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Wednesday, October 28, 2009

Free Speech, Dirty Politics, Or Both?

For those who are interested in issues of the use and abuse of the Internet, questions of anonymity, and so on, here's an interesting story from the Hartford Advocate about the use of Twitter accounts and web sites set up by state Republicans in the name of various Democratic representatives in the state.  Here's a snippet:

Twitter, Inc., shut down 33 fake Twitter accounts created by Republicans using the names of Democratic state representatives. The Republican scheme was to send out posts under the Democrats' names mocking the liberal tax-and-spend bastards.

"That's unfortunate," was state Republican Chairman Chris Healy's response when told of Twitter, Inc.'s decision. "I'm not quite sure what the issue is, other than that the Democrats were successful in stopping free speech."

Healy's party may have suffered a setback with the loss of its Twitter campaign, but Republicans are still operating the 33 Web sites they created using the names of those same Democratic lawmakers. As far as anyone knows, this is the first time any state party has used such a tactic to mock its state opponents.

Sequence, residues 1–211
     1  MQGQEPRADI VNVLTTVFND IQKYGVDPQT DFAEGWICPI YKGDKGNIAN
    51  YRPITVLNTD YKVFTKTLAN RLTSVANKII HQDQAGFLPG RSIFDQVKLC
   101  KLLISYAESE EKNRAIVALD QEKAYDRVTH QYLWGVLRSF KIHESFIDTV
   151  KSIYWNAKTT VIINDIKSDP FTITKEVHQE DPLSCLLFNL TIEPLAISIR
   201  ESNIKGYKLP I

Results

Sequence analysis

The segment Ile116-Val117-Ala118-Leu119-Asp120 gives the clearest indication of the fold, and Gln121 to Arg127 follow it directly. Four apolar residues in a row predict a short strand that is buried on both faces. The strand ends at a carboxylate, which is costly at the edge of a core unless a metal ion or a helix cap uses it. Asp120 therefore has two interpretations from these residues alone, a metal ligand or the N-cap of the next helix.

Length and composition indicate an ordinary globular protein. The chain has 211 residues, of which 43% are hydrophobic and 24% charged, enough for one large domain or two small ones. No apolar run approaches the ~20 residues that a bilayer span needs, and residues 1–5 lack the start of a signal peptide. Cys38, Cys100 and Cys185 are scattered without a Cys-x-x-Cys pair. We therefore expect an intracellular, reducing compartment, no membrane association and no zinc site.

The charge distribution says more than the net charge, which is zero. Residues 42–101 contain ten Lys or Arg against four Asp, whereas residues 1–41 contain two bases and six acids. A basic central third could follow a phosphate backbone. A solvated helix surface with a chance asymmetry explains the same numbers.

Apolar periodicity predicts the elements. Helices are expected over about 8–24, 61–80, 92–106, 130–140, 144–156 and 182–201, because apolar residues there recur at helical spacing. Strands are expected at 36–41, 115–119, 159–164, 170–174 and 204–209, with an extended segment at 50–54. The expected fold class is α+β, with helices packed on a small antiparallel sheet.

Healy, who gives some of the best quote I have seen in a while, also argues in response to Twitter, "That's not impersonation; that's satire."

Whether this is cheap politics or not is a different question than whether Healy's characterization is right.  I haven't seen the Twitter posts, so I can't say whether they are openly satirical or whether they deliberately attempt to mislead readers into believing the posts were issued by the Democratic representatives.  If it's the latter, clearly that is obviously wrong.  Moreover, since they apparently violated Twitter policy, Healy's argument that the "Democrats were successful in stopping free speech" is both wrong and another example of the ways in which free speech is misinvoked in regular public discourse. 

The Web sites, on the other hand, at least on the evidence of the one I visited, look pretty clearly like sites about and against their targets, and refer to them in the third person, so I think these can more safely be said to be clearly recognizable as satire.  The fact that they include the representatives' names in the site address (e.g., "Meet Joe Blow") doesn't lead to any real risk of confusion, in my view.  It may or may not be unsavory politics, but it's hardly clearly illegitimate.   

One last taste of Healy:

"The truth will eventually come out [about such ploys as the GOP's anti-Democratic sites]," Hancock added. He said the GOP scheme will backfire "if the Republicans are being viewed as playing dirty tricks, dirty politics."

Healy is unrepentant: "I really don't care what a bunch of college professors from liberal colleges think."


Posted by Paul Horwitz on October 28, 2009 at 09:46 AM | Permalink

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